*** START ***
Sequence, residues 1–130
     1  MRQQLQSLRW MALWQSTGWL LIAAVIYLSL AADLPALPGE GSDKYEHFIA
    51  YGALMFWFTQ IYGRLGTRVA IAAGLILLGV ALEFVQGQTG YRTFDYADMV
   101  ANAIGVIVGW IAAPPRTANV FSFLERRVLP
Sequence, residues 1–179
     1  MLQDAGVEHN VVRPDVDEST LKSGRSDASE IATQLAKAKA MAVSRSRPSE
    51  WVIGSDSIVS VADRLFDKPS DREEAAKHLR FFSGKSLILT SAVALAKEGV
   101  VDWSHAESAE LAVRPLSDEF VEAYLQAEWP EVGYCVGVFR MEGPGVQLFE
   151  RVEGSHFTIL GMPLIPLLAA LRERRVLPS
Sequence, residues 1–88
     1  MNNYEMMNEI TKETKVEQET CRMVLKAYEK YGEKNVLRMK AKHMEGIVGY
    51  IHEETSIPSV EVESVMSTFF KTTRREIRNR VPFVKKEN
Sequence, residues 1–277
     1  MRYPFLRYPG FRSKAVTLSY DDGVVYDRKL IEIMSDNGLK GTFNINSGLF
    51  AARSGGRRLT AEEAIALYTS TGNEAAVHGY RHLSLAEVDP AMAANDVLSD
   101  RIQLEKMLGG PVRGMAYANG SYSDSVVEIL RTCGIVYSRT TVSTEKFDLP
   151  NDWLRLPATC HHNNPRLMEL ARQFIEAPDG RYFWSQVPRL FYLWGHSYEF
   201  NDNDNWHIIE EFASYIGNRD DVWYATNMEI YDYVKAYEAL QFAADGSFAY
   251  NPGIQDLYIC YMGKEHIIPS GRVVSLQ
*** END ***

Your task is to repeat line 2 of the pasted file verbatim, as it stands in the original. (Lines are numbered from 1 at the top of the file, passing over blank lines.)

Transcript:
     1  MRQQLQSLRW MALWQSTGWL LIAAVIYLSL AADLPALPGE GSDKYEHFIA